It’s less a fault, more a preference. And yes, it’s absolutely fixable — or changeable.


Berhalter isn’t the positional-play idealogue that many critics think he is. Case in point: 2022. Pre-tournament friendlies against Japan and Saudi Arabia yielded a chorus of criticism and dread, because all these familiar issues arose — just as they did this month against Colombia. But, when games began to count, at the World Cup in Qatar, pragmatism set in, intensity levels spiked, and Berhalter had very specific plans for Iran, England and Wales. The U.S. looked lively and somewhat dynamic — albeit inefficient in the attacking third — until players ran out of gas.

That, in a way, is the blueprint for this Copa América. The standard tactics take a backseat. Opponent-specific game plans — still underpinned by principles, but not overridden — take over.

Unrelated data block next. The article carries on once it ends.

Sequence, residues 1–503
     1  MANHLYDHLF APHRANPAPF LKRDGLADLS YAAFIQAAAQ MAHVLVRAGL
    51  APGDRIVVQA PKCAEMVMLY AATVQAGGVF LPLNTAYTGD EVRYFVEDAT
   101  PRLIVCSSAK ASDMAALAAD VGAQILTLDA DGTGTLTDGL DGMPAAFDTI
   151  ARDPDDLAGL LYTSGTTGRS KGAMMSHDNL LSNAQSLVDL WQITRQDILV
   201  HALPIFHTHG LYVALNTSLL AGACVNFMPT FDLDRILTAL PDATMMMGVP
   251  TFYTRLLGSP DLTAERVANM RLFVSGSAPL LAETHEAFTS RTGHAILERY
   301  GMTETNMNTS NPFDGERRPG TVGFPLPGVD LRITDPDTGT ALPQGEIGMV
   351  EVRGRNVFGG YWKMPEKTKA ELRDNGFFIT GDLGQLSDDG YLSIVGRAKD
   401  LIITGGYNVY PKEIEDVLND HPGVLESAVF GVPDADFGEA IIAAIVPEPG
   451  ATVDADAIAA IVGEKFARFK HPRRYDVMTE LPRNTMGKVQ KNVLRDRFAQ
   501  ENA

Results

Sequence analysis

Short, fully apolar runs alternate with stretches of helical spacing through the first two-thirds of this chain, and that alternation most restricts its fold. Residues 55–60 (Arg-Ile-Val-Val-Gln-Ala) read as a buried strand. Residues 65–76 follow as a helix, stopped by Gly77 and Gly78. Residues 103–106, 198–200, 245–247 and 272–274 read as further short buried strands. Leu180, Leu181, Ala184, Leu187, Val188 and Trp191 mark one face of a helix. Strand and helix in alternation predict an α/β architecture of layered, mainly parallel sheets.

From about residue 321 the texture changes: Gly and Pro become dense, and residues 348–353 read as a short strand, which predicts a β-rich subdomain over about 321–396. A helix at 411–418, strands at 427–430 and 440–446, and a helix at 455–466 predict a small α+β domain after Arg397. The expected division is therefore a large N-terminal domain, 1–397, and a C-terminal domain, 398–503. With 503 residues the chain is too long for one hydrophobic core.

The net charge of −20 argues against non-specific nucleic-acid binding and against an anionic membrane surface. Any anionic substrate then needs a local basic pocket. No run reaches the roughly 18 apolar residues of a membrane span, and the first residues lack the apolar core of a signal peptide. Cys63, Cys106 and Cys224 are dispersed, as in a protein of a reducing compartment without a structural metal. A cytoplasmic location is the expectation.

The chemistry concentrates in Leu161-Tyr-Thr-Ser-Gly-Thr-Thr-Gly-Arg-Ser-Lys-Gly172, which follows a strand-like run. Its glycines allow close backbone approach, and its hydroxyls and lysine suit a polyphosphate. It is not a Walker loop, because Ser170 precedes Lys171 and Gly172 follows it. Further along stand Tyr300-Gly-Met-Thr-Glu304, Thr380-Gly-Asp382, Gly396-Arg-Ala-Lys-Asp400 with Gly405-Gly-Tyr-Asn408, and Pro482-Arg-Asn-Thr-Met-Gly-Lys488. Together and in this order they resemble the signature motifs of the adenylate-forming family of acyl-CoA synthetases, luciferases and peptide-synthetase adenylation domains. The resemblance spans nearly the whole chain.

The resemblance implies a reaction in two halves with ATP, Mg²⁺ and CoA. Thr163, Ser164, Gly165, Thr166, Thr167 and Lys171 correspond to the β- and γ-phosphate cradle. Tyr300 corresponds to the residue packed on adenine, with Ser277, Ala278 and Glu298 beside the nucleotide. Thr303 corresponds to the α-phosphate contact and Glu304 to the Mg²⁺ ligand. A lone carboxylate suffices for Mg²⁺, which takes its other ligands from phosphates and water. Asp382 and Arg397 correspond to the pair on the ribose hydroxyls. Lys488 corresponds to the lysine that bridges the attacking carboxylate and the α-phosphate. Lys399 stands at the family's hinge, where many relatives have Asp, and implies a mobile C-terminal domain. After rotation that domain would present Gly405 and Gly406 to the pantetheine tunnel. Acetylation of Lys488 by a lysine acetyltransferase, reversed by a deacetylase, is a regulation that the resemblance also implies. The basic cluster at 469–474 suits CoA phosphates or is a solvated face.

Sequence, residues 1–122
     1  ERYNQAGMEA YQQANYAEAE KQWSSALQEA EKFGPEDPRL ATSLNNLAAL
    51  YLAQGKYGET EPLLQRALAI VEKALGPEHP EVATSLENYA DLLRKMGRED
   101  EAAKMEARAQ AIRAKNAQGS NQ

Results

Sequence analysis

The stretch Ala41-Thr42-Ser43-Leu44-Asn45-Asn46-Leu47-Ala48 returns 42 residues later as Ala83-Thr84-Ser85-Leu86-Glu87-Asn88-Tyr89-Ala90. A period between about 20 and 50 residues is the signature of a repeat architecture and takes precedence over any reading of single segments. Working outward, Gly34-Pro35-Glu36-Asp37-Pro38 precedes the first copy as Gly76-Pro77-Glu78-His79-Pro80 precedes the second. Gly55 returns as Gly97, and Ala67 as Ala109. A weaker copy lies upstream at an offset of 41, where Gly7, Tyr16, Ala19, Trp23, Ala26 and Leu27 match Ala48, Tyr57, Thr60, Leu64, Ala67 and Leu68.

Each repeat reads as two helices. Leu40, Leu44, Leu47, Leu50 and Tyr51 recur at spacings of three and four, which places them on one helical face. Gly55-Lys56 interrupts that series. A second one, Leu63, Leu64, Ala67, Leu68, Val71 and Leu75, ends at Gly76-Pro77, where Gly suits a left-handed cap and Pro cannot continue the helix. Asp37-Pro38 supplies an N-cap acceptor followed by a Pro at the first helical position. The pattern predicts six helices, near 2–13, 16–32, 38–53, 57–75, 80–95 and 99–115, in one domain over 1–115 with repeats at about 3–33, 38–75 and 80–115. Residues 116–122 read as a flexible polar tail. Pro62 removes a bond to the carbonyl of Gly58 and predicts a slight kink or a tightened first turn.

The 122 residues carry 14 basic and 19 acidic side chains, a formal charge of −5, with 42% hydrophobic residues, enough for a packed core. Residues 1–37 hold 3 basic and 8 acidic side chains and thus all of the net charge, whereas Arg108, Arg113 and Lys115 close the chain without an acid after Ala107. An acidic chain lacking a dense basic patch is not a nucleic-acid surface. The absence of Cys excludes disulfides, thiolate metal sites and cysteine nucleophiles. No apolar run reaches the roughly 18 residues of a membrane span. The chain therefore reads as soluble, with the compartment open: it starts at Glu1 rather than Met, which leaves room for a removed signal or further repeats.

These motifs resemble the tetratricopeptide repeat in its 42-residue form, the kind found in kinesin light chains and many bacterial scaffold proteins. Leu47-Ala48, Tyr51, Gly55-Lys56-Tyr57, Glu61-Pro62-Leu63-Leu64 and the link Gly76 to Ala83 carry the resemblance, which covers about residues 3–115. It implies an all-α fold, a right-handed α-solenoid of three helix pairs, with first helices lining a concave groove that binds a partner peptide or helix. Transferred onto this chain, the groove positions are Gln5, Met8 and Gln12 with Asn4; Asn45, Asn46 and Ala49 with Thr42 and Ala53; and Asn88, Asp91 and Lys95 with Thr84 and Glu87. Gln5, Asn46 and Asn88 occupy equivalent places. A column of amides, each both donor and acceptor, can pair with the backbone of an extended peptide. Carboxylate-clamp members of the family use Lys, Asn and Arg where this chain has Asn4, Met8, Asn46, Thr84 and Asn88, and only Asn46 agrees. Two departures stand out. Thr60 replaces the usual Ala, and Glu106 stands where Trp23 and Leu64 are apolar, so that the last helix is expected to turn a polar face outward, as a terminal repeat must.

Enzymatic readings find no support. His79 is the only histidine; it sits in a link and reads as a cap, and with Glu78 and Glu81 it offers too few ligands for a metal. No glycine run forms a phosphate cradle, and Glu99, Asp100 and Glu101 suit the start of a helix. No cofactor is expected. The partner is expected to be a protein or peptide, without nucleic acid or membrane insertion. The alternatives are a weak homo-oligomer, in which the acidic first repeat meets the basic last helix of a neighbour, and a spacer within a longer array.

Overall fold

The U.S. drew Uruguay, Panama and Bolivia in Group C. Its schedule:

Sunday, June 23 vs. Bolivia in Arlington, Texas (6 p.m. ET, Fox)
Thursday, June 27 vs. Panama in Atlanta (6 p.m. ET, Fox)
Monday, July 1 vs. Uruguay in Kansas City (9 p.m. ET, FS1)


The top two of four will advance to the quarterfinals.

It should, yes. Panama won’t be a pushover. But the most likely scenario is that the U.S. and Uruguay both cruise to Matchday 3 on six points apiece, with quarterfinal berths clinched. Anything less would be a disappointment.

Yes and no.

Soccer-wise, it’s a fascinating matchup. On paper, it looks like the USMNT’s first real Copa América litmus test. Uruguay is flying under Marcelo Bielsa, the revered Argentine manager whose dogmatic commitment to pressing makes any match he coaches thrilling.

This match, however, might not matter much if Group C and D are full of chalk.

Not really, because a giant will likely await in the quarterfinals either way.